The logic of these campaigns is capitalist and neoliberal at its core because it effectively flattens out the politics of the representations instead of challenging hegemonic relations to non-white identities. The presence of people of colour and non-binary subjects in popular feminist media operates under a liberal feminism which suggests that inclusion is enough to fix inequalities.

Instead, the politics of feminism must address discourses and frameworks which maintain hierarchical ideologies of white, Western, heterosexual dominance. Inclusion often merely validates ‘the Other’ as an economic subject in a political, cultural and economic field of whiteness.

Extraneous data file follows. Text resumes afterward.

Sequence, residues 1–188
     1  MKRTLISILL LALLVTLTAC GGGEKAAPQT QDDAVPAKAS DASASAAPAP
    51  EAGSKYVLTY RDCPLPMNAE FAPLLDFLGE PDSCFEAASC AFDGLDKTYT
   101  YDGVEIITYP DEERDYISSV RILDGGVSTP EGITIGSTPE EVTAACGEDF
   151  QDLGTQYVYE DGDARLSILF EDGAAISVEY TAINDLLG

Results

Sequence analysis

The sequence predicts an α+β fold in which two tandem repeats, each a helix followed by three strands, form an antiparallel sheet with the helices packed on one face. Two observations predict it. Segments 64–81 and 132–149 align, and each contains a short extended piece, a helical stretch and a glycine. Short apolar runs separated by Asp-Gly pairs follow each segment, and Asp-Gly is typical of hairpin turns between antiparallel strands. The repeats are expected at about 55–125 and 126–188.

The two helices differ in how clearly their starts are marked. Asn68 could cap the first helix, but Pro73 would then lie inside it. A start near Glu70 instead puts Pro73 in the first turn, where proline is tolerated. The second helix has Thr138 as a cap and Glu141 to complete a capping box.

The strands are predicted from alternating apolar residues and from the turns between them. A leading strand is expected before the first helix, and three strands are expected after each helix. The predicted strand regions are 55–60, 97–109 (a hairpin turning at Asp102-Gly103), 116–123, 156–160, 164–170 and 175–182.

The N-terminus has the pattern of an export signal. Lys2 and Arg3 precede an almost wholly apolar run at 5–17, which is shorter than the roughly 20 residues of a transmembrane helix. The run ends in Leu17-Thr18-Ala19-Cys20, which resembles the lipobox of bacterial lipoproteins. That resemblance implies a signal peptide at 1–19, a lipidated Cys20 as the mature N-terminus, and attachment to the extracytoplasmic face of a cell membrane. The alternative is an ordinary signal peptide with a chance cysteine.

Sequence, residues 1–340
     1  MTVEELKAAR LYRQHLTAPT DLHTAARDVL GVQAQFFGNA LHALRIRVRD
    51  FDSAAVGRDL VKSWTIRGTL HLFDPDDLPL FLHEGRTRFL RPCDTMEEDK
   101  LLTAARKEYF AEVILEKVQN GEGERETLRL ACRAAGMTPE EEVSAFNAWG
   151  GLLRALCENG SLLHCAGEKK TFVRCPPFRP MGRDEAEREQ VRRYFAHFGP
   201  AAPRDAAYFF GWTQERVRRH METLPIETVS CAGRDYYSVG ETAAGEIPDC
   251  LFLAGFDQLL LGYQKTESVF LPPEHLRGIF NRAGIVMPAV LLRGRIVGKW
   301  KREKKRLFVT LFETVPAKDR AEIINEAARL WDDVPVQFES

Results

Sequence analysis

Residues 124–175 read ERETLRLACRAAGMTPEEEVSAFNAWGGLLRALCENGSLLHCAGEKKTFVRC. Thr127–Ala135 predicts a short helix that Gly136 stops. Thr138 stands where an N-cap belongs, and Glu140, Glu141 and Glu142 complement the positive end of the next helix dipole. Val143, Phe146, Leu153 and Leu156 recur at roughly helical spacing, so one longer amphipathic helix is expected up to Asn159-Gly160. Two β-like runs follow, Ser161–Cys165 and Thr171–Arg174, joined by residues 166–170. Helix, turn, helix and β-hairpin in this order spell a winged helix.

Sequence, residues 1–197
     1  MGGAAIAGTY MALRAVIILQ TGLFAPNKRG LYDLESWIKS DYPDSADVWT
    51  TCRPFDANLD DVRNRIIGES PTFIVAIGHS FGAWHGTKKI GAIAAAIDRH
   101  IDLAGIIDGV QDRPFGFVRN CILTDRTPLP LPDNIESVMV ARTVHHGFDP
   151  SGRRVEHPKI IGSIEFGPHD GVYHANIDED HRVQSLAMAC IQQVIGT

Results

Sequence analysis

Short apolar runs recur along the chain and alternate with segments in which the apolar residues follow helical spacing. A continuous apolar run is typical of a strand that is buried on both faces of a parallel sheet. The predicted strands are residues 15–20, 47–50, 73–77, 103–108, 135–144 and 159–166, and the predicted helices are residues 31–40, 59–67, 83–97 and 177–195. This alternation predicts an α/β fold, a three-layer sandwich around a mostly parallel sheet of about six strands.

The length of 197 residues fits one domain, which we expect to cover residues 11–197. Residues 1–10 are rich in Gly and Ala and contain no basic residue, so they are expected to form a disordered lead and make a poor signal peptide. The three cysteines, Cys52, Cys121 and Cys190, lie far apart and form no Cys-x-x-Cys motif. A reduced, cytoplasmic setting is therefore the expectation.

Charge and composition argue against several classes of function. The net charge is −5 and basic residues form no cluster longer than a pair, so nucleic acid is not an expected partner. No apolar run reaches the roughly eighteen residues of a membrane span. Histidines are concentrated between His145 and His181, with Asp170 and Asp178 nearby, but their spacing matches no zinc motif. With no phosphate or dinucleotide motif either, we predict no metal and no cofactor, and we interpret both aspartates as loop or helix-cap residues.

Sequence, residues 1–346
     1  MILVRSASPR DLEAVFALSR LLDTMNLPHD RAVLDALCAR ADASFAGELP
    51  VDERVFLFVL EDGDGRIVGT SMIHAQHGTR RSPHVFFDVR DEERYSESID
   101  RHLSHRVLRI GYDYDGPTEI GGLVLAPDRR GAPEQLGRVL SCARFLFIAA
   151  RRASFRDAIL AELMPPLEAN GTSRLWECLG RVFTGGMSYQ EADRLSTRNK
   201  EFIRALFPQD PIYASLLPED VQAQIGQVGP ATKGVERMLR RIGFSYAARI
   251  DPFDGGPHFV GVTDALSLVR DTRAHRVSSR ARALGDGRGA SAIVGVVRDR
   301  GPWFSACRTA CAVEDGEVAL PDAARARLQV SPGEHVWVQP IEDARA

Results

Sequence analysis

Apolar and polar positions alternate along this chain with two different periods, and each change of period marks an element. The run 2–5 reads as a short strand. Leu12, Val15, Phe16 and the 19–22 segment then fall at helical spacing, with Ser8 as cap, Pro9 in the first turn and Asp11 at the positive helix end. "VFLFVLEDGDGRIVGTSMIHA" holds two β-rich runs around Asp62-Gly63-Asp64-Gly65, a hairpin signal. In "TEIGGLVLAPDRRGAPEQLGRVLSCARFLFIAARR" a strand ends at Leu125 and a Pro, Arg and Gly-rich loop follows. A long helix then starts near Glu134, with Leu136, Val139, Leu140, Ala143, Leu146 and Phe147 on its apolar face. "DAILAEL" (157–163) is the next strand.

Cissexism and the Politics of Visibility

Popular feminism operates on an economy of visibility which seems to represent marginalised groups through a radical announcement of identity rather than an acknowledgement of structural violence and discrimination.

This politics of visibility often glorifies conventionally attractive transgender people, such as YouTubers Gigi Gorgeous and Nikita Dragun, who have medically transitioned and fit into the gender binary.

Both internet celebrity figures are elevated on social media with over 1 million subscribers, in contrast to pre-transition creators who either do not desire or cannot afford medical transition. Popular feminism does not draw as much attention to the various realities of transgender people or seek to dismantle systemic oppression, instead opting to glamourise ‘ideal’ transitions.